My Musical Influences

The earliest influence on my songwriting comes from the singer-songwriters I grew up on — people like Jackson Browne, James Taylor, Dan Fogelberg, Crosby, Stills & Nash, Jon Pousette-Dart, and so on. These artists define the main stream in which I work: acoustic folk-rock. At the same time, I listened to a lot of progressive rock early on, especially Yes, which helped shape my early practice of writing suites of songs.

Since then I have expanded my musical horizons considerably, both within the singer-songwriter tradition and into blues, bluegrass, reggae, jazz, and classical music. In my later songs you can hear echoes of artists I didn't listen to in my teenage years, such as Bob Dylan, Lennon & McCartney (and George Harrison, whose songs I like a lot), Cat Stevens, Joni Mitchell, Michael Hedges, Professor Longhair, Bob Marley, Duke Ellington, the medieval troubadours, and so on.

When it comes to lyrics I'm an intellectualist and a formalist — probably a result of my study of classical literature in college and my overall intellectual tendencies (evident also in my poems). I've never been able to write lyrics that are more moody, free-flowing, and spontaneous. I don't know whether that's good or bad, it's just the way I am. :)

In addition to something like 30 songs (not all of them included in Hagiography), I've written four extended pieces for solo guitar, which I've collected together under the title Aubade. Because I am self-taught and not especially strict about technique, these works are not really classical works. Instead, they are something of a cross between classical, folk, and "new age" stylings. My influences here include classical composers like Bach, Albeniz, Granados, Satie, and Villa-Lobos, the self-described "rural folk pianist" George Winston, and the late guitar god Michael Hedges.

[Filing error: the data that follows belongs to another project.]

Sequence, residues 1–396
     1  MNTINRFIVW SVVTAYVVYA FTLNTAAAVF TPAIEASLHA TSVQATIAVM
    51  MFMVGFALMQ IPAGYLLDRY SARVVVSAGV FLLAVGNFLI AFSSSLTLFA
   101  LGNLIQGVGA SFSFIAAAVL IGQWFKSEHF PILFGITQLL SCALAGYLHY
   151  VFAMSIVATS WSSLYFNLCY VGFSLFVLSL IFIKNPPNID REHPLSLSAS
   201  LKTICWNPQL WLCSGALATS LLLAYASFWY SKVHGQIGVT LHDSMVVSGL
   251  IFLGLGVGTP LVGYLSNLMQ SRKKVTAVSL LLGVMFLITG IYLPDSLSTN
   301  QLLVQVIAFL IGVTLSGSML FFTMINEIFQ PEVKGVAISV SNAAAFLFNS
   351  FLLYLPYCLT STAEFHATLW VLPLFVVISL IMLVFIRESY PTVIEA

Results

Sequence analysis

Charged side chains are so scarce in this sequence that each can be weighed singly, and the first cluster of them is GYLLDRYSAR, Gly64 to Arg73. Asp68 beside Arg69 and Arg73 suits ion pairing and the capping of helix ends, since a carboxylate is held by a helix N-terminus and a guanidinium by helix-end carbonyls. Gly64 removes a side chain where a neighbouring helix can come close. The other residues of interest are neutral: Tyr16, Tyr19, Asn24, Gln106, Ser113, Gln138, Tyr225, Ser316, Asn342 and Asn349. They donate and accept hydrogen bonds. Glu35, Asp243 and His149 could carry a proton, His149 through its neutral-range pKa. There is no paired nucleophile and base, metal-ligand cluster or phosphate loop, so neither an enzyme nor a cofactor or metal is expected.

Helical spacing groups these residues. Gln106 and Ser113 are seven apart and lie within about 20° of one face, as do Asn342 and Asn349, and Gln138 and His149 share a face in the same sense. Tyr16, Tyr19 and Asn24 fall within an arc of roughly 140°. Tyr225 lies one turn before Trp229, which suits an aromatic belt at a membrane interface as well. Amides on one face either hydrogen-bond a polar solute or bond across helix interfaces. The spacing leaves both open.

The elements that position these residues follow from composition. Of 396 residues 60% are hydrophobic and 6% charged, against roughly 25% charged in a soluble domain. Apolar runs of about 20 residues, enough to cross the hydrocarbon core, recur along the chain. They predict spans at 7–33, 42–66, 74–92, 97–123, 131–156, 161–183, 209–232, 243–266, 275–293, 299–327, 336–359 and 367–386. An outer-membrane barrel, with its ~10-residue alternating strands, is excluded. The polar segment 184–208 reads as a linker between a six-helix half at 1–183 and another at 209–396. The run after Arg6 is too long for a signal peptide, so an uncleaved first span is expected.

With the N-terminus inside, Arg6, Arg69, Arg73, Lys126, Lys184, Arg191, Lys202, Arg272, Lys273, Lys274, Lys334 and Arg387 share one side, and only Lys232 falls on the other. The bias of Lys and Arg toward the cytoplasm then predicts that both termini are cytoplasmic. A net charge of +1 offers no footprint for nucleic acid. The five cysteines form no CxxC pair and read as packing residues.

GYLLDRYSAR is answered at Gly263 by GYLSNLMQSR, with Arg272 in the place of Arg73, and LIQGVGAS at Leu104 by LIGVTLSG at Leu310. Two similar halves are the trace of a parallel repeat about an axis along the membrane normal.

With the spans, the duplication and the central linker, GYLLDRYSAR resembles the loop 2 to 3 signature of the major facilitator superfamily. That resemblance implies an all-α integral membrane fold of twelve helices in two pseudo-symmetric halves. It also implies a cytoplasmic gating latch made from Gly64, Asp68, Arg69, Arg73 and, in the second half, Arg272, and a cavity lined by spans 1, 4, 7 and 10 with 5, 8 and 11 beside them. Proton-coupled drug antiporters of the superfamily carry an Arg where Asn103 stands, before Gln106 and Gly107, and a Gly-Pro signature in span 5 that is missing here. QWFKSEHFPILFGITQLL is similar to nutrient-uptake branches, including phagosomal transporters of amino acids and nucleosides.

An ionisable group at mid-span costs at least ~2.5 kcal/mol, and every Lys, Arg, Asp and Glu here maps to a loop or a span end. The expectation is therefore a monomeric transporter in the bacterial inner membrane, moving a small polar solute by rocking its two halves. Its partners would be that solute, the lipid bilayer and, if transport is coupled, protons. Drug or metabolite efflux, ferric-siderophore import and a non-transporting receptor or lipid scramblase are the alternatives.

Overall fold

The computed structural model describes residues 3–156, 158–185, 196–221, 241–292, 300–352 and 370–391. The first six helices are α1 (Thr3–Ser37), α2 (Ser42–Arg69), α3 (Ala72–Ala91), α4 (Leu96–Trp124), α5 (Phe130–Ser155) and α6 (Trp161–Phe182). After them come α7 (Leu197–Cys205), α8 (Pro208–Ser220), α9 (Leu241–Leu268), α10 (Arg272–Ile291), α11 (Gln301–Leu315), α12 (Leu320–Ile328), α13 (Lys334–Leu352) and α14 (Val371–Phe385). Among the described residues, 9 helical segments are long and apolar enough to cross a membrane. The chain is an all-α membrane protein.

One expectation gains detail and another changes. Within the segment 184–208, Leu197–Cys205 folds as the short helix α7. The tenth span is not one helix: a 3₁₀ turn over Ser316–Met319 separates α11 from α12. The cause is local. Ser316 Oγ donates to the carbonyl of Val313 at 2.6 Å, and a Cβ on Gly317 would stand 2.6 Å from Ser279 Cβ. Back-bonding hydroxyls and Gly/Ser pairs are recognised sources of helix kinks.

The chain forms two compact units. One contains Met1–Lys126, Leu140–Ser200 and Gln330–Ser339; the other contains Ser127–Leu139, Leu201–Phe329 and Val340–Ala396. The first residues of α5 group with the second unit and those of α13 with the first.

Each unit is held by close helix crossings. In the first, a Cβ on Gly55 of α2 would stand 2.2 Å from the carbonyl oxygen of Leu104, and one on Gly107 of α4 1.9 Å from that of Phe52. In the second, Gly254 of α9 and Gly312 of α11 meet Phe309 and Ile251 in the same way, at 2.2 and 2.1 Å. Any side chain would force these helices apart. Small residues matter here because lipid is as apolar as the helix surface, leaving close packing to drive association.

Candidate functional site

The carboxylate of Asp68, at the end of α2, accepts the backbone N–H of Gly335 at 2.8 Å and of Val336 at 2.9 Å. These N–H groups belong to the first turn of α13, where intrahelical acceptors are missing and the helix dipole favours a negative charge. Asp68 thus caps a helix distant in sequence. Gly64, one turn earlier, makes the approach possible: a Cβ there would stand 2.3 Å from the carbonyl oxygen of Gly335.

More recently, I've started to once again explore my first instrument: the electric bass. The first bass project I'm working on is a set of arrangements for solo bass of songs by the progressive rock band Yes, entitled Fundamental Affirmation. The obvious inspiration here is Chris Squire, co-founder of Yes and my favorite bassist. Once I complete this Yes project, I plan to work on solo bass arrangements of music by Duke Ellington (thus paying homage to jazz bassists who played with Ellington over the years, especially Jimmy Blanton, Charles Mingus, and Ray Brown) and, I hope, a bass version of the Bach Cello Suites (although I doubt I would be able to render them as masterfully as Edgar Meyer).

Peter Saint-Andre > Music